Hope and Crosby are a primordial version of Brydon and Coogan —both pairs are bound together by cosmic happenstance, without particular explanation. Hope is always eager to please and happy to overact if the moment calls for it. Crosby fashions himself subtle and dignified, but his weakness for women and general lack of discipline tends to derail their stated goals, mirroring Coogan’s messy personal life in The Trip movies.
Both series employ a host of tactical misdirects—surrealism, dream sequences, and endless gags—which elide the limitless problems the pair make for one another, and the fundamental ways in which their connection is both mysterious and arbitrary.
Another progenitor, closer to home, is Tom Stoppard’s 1990 head-fuck masterpiece Rosencrantz and Guildenstern Are Dead, which reimagines two of Hamlet’s minor characters as bumbling companions trapped in an endless loop of meta-history, trying to reason out their destiny through an ongoing dialogue in which neither can remember which of their names applies to one or the other. This mirrors the gradual sense in The Trip movies that Brydon and Coogan—over their most strident objections—are beginning to blur together in middle age.
In their endless babble and occasional acts of tenderness, the title characters played by Tim Roth and Gary Oldman in Stoppard’s picture ultimately come to recognize that their plight is shared, their differences immaterial, and in the end it always turns out the same for all of us. Their game of rhetorical tennis is a comic reflection on the nagging horror that lies just beyond the last clever remark. A poet once said, ”You may be pretty good with words, but words won’t save your life.”
Some of the strange and compelling energy that characterizes The Trip movies is attributable to the program’s initial beginnings as episodic television on BBC. Each of the four seasons was first aired as a series of 40-minute specials before being edited into feature-length films. As a result, narrative beats occur at unorthodox intervals while resolutions hang uncomfortably for what can seem a long time. Early on in The Trip to Greece, we learn that Coogan is experiencing a family crisis. We see him briefly forlorn before he saunters around Greece. In the last act of the picture, the full threat of potential tragedy has been realized. These tonal shifts might feel more organic when broken up into weekly bites, but in the feature version, the emotional whiplash is powerful. Winterbottom, the brilliant director of Welcome to Sarajevo and 24 Hour Party People, makes a virtue of this potential complication.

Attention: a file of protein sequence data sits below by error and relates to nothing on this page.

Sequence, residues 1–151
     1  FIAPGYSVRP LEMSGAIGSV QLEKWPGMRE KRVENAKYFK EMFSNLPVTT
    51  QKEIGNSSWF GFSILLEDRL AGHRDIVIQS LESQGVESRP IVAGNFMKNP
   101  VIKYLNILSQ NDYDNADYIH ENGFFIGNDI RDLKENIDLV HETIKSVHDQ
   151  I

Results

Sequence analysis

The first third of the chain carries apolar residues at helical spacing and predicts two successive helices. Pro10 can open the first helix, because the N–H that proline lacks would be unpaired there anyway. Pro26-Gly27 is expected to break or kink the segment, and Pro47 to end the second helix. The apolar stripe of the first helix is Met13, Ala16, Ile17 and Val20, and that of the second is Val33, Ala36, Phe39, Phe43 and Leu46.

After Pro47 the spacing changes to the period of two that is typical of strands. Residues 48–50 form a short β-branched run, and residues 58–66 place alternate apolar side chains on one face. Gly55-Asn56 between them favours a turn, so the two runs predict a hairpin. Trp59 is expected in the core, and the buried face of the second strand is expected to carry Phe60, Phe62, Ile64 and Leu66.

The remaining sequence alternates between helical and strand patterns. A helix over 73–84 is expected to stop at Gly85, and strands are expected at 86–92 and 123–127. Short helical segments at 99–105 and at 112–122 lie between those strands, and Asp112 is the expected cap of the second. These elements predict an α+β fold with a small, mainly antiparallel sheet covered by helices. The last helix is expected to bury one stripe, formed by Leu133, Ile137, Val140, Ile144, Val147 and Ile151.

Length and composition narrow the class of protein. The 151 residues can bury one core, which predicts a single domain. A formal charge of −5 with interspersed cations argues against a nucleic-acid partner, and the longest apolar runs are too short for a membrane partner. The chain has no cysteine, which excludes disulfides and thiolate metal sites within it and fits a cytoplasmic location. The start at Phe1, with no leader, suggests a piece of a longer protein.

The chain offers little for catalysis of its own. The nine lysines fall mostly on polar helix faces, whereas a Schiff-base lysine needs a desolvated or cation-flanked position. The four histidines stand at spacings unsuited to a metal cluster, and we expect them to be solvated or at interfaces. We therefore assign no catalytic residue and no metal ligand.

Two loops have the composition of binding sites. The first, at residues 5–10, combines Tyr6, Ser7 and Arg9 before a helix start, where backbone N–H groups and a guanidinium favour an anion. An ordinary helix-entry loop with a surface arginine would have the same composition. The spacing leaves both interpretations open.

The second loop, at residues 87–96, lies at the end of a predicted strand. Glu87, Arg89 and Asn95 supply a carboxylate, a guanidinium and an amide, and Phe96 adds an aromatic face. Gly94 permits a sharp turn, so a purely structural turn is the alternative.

There is some precedent for this. Large swaths of David Lynch’s 2001 classic Mulholland Drive were originally scheduled to be aired as a weekly network show, before ABC got squirrelly and cut bait. That gave Lynch the opportunity to re-edit the would-be series into one of the great cinematic achievements of recent times. As streaming services and studios increasingly blur the line between traditional features and television, a new vernacular will undoubtedly emerge that intuitively interpolates the best and worst practices of each medium. The Trip movies have been a sort of canary in the coal mine for this process, to great effect.
Ultimately, The Trip’s two principals are one but they’re not the same. Brydon and Coogan as portrayed in the series are the human equivalent of major and minor chords: wonderful in relation to one another, but permanently separated by their modal constitution.
In this way, they are the McCartney and Lennon of road pictures, each finding the other nourishing and exhausting in equal measure, each startled by the prospect that they might be characterized as the irritating one.
During the surreal climax of The Trip to Spain, the entry prior to The Trip to Greece, Coogan’s tortured romantic exertions leave him sideways and stranded with a broken car somewhere in the North African desert. His rescuers arrive, but they do so on a tank, and it soon transpires that they are revolutionary militants. It’s a moment that could have occurred in Hope and Crosby’s Road pictures, or amidst the sundry insanities of Rosencrantz and Guildenstern Are Dead. Meanwhile Brydon and his wife blissfully reconnect in their London home, wondering why Coogan has disappeared for days.
This is characteristic of The Trip pictures, which tend to end well for Brydon and badly for Coogan, though not always with such an outsized flourish. In The Trip to Greece, the film’s culminating moments are rendered terribly moving by a scene in which the two finally say nothing at all. Bad news has befallen them, and for once the intercession of outside events has muted Brydon and Coogan’s otherworldly capacity to bullshit around every last thing the universe has to offer. Then, in a moment of cinematic embrace as surprising and unexpected as any since Walter and the Dude’s at Donny’s funeral, Coogan and Brydon wordlessly hug. They promise to see one another again. But there’s no telling what the future holds, and there is an awful poignance in their parting. As Cole Porter once put it: “How strange the change from major to minor, every time we say goodbye.”